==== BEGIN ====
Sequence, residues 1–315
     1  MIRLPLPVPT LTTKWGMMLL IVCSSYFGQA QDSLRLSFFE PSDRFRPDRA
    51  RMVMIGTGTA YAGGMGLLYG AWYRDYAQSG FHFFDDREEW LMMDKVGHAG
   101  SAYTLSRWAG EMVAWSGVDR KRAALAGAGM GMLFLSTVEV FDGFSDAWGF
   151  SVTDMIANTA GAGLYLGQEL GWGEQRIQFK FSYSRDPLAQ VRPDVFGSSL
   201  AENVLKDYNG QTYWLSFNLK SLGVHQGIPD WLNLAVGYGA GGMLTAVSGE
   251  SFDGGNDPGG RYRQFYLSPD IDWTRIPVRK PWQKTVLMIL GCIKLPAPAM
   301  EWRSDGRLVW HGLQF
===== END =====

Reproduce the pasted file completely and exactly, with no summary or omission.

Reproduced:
Sequence, residues 1–315
     1  MIRLPLPVPT LTTKWGMMLL IVCSSYFGQA QDSLRLSFFE PSDRFRPDRA
    51  RMVMIGTGTA YAGGMGLLYG AWYRDYAQSG FHFFDDREEW LMMDKVGHAG
   101  SAYTLSRWAG EMVAWSGVDR KRAALAGAGM GMLFLSTVEV FDGFSDAWGF
   151  SVTDMIANTA GAGLYLGQEL GWGEQRIQFK FSYSRDPLAQ VRPDVFGSSL
   201  AENVLKDYNG QTYWLSFNLK SLGVHQGIPD WLNLAVGYGA GGMLTAVSGE
   251  SFDGGNDPGG RYRQFYLSPD IDWTRIPVRK PWQKTVLMIL GCIKLPAPAM
   301  EWRSDGRLVW HGLQF